Having two amazingly bright children is my greatest blessing, and this lockdown is giving me the opportunity to show them the type of work I do, which feels really nice :-)

This week the topic of breaking down a problem into smaller and simpler tasks came up, and with the help of some bowls, cups and a litre of water, I managed to get us all dripping wet and probably ruined the living room floor. Tess, on the other hand, made a very interesting observation about how the smaller cups would get filled first as the amount of water in the bowl raised to cover them.

The same key insight can be used to tackle the trapping rain water problem on Leetcode. We need to find our "cups" and calculate how much water they can hold given the water level of the "bowl" itself.

```
function solution(A) {
if (A.length < 2) return 0;
const sumIntermediateCols = (arr, h, g, start, end) => {
let sum = 0;
for (let i = start + 1; i < end; i++) sum += arr[i];
return h * g - sum;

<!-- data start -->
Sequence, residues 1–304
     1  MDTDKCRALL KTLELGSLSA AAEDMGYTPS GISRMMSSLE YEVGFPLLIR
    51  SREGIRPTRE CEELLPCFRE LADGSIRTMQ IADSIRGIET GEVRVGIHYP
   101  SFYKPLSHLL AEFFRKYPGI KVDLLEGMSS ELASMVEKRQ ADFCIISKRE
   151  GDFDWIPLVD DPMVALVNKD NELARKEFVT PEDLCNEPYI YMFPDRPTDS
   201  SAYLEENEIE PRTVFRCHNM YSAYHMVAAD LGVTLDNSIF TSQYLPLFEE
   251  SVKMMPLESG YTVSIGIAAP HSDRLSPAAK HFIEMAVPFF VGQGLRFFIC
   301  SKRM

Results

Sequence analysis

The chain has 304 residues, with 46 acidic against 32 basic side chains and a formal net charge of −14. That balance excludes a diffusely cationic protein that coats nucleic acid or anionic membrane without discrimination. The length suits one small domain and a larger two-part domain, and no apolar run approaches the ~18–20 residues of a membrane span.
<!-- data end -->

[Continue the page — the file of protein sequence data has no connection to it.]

}
const findNextCol = (arr, colIdx, colVal) => {
let max = 0;
for (let i = colIdx + 1; i < arr.length; i++) {
if (arr[i] >= colVal) {
return i; //return the next column at least as high as A[i]
} else {
max = Math.max(max, arr[i]); //track the highest remaining column
}
}
//return index of max if found, otherwise colIdx as last resort
return Math.max(arr.indexOf(max, colIdx), colIdx);
}
const calculator = (arr) => {
let raindrops = 0;
let gap = 0;
let height = 0;
let nextCol = 0;
for (let i = 0; i < arr.length; i++) {
if (arr[i] > 0) {
nextCol = findNextCol(arr, i, arr[i]);
if (nextCol !== i) {
gap = nextCol - i - 1;
height = Math.min(arr[i], arr[nextCol]);
raindrops += sumIntermediateCols(arr, height, gap, i, nextCol);
i = nextCol - 1;
}
}
}
return raindrops;
}
return calculator(A);
}
```

They didn't ask me about the runtime complexity of the algorithm but I told them anyway. It's O(1) space and O(n) time and it ran in 56ms with 34.9MB of memory so it was better than what 91.38% of the other kids came up with. Not bad for a 7 year old!

## Discussion